Health IT is connecting patients to quality healthcare now more than ever. And women – more than anyone – are leading the initiative to get their families the quality care they need. Collaborating with influencers across the healthcare spectrum, we are making a shift in HIT to cater to these heads of households’ needs and better the standard of care for patients across the globe.
Do you believe women are on the front lines of patient engagement? Why?
Nick van Terheyden, MD, CMO at Dell Health: We even find societies in the world where women hold the dominant role – the Mosuo living in China near the Tibetan border for example – and so it is in healthcare. Women play a central role in the delivery and support of healthcare in the system, their families and in the home. They are oftentimes the primary care giver in families with young children and older relatives, and while these are shared responsibilities, frequently women are the main contact point and coordinator for care for everyone in a family. I believe some of this is built in, as exemplified by my own mother, who never stopped “mothering” me. Despite the fact that I was an adult, married and looking after my own family and children, she would still want and be involved in my wellbeing and care. There’s some genetic component to this – perhaps a caring gene that is more pronounced in women – not that men don’t care; they do but they tend to show this in different ways.
Jess Clifton, Healthcare Writer and Digital Marketing Strategist: Women absolutely represent the front lines of patient engagement coming and going. About 90% of nurses are women and I’d venture to guess that the ratio of women managing healthcare on behalf of their families looks pretty similar. Whether it’s rooted in biology or learned behavior, many of us adopt the role of caregiver.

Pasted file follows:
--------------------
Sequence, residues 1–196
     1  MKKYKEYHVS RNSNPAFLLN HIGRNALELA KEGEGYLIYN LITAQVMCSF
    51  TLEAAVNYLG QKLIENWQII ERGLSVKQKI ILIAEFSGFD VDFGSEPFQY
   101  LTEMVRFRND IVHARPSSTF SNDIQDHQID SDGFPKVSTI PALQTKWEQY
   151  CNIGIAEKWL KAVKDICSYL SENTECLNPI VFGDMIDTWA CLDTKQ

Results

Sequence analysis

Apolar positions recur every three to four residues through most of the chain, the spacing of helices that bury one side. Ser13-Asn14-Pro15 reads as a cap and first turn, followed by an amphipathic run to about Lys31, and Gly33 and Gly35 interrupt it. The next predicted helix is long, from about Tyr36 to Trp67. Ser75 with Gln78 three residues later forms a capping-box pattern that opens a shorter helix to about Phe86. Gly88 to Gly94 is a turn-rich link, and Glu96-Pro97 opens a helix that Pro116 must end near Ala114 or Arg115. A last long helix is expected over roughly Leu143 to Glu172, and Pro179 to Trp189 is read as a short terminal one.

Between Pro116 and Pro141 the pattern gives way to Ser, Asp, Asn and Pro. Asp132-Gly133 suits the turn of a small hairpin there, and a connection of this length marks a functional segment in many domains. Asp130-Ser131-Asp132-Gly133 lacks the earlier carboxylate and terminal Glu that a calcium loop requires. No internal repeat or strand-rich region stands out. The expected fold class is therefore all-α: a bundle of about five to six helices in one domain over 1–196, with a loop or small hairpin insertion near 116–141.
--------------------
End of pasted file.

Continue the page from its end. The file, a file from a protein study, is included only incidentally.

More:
Max Stroud, Lead Consultant at Galen Healthcare: Women are on the front lines of patient engagement, primarily because women are on the front lines of healthcare. Most healthcare employees, and especially those that have the most direct contact with patients are women. On the flip side, it is commonly women in our society who are tasked with the caregiving/care coordinating roles for our elders and our children.
How can providers and vendors make HIT apps more engaging / rewarding for heads of households?
Nick van Terheyden: Simplification of the tools that take account of the many things that head of households are dealing with. Man or woman, mother or father in a household – this responsibility entails a lot of coordination and juggling many different priorities. Solutions that are built without taking account of the messy world we live in have a very short half-life. Solutions that offer useful insights, health reminders that appear within the normal stream of our everyday lives, and solutions that accommodate you, your family and your health challenges are the ones that will be successful. Sending an email reminder to the head of household about vaccinations due that won’t be seen until the evening when finally, the world around is under control provide limited value.